Ohio Church Keeps Daycare Open for Children of “Essential” Workers
By Kim Ousley
Many healthcare workers and other employees identified as performing essential jobs were left without a safe place for their children while they worked during the COVID-19 outbreak. School and daycare closures placed stress on these already overtaxed people. The government of Ohio, however, stepped in early to provide special guidelines and funds for daycare and preschools to stay open. Michelle Mayes, administrator of the Rainbow Daycare and Preschool located at the First Church of God, Defiance, Ohio, immediately approached the church about remaining open.
The daycare, already located at the church, was ideal for providing a place for these children affected by the statewide shutdown. Rainbow is the only daycare in their city that takes six-week-old infants through children up to twelve years old. All that was necessary was completing state required paperwork.
Mayes is “thankful that Ohio did it the way they did,” allowing licensed daycare centers to apply. Parents also had to fill out paperwork to prove they were essential workers in need at this time. The state’s goal was offering a way for daycare centers to keep safely serving children of essential workers.
Ohio’s state government required application for those interested in becoming a pandemic childcare center. This process permitted already existing centers, like Rainbow, to transfer into its Pandemic Care Program. Licensed facility ratings, number of children per room, and interaction at drop-off and pick-up were essential to the application.
“We started with fifteen children and are now up to thirty,” said Mayes. She shared that they follow the cleaning protocol required by the government, as well as only six children in each classroom. Since they are housed in the church, they have plenty of space for spreading out. They also placed dividers in the gym for keeping kids safe from congregating in one space. Most rooms have their own restroom, which provides reassurance of keeping any spreading of germs to a minimum.
A shift in previous routines is keeping the daycare COVID-19-compliant. Naptime, which is a bit of a challenge, has been remedied by moving cots into each classroom for little ones to take their afternoon rest period. In the past, all children were together in one big room. Lunch is now eaten in each classroom instead of the cafeteria. Parents have to wait outside and call staff when they are there for drop-off or pick-up of their children. Each child has their temperature checked digitally before being allowed into the building.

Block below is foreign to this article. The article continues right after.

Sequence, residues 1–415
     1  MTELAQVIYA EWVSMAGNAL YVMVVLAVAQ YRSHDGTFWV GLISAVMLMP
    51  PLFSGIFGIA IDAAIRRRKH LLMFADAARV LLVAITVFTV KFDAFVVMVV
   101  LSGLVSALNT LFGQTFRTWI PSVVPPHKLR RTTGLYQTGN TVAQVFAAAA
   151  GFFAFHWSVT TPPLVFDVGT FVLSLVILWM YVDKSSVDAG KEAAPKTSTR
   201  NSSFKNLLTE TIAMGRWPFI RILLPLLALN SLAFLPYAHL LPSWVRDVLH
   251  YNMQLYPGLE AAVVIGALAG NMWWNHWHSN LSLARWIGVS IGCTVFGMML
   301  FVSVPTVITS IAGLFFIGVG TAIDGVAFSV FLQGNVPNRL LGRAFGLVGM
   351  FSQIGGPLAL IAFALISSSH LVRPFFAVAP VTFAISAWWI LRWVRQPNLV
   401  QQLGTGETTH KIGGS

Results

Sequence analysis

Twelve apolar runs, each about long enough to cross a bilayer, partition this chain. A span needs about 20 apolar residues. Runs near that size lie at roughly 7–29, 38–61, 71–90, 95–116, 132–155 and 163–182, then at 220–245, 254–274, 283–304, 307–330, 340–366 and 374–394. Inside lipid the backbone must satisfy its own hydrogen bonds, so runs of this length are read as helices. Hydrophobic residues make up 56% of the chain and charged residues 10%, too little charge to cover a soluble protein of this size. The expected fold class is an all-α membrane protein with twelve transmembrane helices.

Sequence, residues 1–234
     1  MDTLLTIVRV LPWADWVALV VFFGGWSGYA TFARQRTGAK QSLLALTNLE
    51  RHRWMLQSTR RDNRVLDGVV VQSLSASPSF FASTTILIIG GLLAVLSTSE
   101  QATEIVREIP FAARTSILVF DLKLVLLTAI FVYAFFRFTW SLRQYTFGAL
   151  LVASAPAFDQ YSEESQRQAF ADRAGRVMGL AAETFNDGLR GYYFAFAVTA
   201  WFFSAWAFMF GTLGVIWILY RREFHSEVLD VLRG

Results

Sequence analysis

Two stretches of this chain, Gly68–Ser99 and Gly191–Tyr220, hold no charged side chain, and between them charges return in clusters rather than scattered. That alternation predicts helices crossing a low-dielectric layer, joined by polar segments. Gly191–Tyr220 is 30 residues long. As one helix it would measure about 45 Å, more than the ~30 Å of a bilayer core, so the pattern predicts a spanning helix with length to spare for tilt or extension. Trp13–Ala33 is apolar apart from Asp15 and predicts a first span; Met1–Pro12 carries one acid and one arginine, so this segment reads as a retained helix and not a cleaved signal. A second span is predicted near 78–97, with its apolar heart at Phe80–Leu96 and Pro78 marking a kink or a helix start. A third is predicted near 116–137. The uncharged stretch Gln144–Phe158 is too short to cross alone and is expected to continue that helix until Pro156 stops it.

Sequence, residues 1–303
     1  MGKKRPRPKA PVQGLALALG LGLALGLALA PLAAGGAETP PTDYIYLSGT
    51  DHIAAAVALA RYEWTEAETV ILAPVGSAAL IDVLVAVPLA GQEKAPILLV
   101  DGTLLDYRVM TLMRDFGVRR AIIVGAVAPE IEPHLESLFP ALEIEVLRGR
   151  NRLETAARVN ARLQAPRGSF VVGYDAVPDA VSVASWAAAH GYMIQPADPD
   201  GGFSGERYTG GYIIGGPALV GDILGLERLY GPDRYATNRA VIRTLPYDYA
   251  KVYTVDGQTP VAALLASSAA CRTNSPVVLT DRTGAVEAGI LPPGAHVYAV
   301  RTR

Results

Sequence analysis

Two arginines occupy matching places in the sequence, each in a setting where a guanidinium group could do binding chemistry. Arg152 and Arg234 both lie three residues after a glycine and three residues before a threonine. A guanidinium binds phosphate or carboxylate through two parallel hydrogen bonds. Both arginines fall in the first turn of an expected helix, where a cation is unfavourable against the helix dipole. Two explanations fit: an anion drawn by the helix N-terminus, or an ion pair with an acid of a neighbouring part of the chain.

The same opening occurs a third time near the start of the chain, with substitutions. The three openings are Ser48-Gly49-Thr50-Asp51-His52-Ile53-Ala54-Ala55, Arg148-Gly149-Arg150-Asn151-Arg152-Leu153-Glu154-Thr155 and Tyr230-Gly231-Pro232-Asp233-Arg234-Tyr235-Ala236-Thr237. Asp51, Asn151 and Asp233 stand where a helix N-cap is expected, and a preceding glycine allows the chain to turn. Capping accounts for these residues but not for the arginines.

Mayes has only been in her new position of administrator at Rainbow Daycare for just under a year. She came from another daycare with twelve years of experience. Pastor Rick Rufenacht says she is perfect for taking on this task of becoming a pandemic facility. “It was her idea. She came to us and presented the opportunity.”
Right now, Mayes has been able to keep all of her present employees and plans to hire three more. She worried about how these daycare workers were going to support their own families. She is pleased this certification gives continued employment for all of them.
Many parents have shared their appreciation because most had no other childcare options. First Church of God, however, now offers a safe place for kids. “As a church, we are a ministry and we try to meet the needs of the community. We touch lives and give the children a sense of calm and consistency,” said Mayes.
Kim Ousley is a freelance writer from Anderson, Indiana.
Learn more about the response of Church of God Ministries to the coronavirus (COVID-19), including resources for you and your church, at www.jesusisthesubject.org/theway.